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Re: test cases wording

From: pat hayes <phayes@ihmc.us>
Date: Thu, 2 Oct 2003 11:14:21 -0500
Message-Id: <p06001f6dbba1fee7da2e@[]>
To: "Jos De_Roo" <jos.deroo@agfa.com>
Cc: w3c-rdfcore-wg@w3.org

>>  My action item
>>  20030919#14 PatH To consider amendments to test cases
>>                   concerning nonentailments
>>  was to suggest a form of words for describing what it
>>  means to pass a negative entailment test, right?
>>  Suggestion:
>>  "The test is considered to be passed if the entailment
>>  is <em>not</em> drawn using the rules of RDF-entailment
>>  or RDFS-entailment, as above."
>>  -->
>>  "The test is <em>failed</em> if the conclusion can be
>>  drawn from the premises using the rules of RDF- or
>>  RDFS-entailment. The test is considered to be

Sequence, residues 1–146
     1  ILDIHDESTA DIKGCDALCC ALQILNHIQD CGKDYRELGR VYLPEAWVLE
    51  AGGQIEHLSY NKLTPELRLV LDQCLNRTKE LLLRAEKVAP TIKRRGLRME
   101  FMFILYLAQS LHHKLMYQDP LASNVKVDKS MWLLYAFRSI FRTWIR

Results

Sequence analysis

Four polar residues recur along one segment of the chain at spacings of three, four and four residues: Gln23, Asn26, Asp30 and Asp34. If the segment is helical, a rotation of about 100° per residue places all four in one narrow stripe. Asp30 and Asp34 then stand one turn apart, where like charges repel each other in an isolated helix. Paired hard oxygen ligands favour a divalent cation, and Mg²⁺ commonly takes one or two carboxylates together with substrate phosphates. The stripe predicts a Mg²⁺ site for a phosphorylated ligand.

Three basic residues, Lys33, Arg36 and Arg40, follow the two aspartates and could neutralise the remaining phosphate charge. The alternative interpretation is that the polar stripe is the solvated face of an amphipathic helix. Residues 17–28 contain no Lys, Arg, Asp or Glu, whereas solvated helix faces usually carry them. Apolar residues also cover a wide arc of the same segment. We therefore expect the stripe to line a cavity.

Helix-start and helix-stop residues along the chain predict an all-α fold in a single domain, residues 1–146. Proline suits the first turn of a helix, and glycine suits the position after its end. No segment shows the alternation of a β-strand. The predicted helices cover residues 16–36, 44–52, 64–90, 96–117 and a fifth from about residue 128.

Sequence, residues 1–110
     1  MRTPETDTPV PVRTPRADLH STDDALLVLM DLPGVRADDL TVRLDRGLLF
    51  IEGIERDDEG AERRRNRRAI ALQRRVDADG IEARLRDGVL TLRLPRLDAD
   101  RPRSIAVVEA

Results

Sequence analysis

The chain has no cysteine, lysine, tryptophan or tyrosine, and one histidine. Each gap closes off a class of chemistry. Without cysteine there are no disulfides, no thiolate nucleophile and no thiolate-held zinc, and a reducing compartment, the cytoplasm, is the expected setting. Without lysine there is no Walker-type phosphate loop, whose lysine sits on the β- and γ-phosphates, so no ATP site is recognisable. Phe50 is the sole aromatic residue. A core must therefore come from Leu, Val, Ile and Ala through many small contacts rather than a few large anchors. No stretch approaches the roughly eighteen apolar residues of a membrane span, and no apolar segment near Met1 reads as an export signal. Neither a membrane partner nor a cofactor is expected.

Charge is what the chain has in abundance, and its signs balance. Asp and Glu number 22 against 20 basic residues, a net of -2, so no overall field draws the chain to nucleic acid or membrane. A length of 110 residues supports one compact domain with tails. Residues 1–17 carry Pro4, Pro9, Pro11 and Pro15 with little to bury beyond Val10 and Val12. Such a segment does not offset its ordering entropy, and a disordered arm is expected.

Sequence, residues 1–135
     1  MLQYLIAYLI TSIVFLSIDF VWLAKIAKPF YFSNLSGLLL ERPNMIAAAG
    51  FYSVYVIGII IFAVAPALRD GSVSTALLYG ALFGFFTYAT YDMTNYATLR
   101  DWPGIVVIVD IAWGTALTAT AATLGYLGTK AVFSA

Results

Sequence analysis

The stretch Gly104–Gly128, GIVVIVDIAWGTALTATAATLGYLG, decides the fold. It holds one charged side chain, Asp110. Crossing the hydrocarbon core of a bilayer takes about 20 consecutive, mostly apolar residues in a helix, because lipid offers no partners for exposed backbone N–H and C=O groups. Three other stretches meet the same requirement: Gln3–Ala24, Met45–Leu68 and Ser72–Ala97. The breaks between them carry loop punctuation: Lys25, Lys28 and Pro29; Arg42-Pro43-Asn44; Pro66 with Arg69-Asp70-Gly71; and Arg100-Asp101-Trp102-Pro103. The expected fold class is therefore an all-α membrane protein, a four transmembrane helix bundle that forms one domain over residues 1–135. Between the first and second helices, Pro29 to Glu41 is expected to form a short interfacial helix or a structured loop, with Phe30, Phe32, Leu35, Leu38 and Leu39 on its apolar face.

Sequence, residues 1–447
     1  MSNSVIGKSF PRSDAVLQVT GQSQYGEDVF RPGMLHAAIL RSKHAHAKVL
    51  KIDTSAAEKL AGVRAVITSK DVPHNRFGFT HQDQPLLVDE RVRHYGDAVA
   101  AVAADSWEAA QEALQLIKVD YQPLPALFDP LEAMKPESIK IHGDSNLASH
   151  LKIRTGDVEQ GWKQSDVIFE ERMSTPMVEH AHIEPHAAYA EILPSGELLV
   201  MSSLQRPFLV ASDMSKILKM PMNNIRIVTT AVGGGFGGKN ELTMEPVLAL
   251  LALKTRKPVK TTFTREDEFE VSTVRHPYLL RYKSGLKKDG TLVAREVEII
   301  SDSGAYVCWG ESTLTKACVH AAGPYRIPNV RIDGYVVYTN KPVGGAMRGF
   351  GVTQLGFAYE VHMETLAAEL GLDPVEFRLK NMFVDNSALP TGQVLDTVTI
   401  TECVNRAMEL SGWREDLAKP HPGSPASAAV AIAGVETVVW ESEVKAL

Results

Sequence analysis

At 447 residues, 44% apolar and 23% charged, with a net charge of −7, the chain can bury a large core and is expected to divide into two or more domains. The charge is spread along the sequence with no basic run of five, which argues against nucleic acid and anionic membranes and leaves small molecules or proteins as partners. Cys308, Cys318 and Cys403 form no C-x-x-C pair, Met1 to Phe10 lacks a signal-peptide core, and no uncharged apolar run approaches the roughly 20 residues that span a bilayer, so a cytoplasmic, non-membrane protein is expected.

>>  <em>passed</em> when a thorough attempt to fail the
>>  test is unable to achieve failure."
>I'm afraid that I can't make code for that last part...

Interpret it as: when you run your code to exhaustion (it stops, or 
runs out of memory or time according to your view of what its 
resource limitations are) it fails to fail. The vagueness arises from 
the fact that if you had bought more RAM, maybe, or let it run for 
TWO weeks, maybe it might have failed.

>>  This sounds vague, but then success at a non-entailment
>>  test *is* vague, so the wording is designed to suggest
>>  to a thoughtful reader that the notion needs some care.
>Adjectives like "thorough" and "vague" are soft for humans
>but hard for soft(ware)...
>I actually have no other wording and so I pass ;-)
>Jos De Roo, AGFA http://www.agfa.com/w3c/jdroo/

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Received on Thursday, 2 October 2003 12:14:24 UTC

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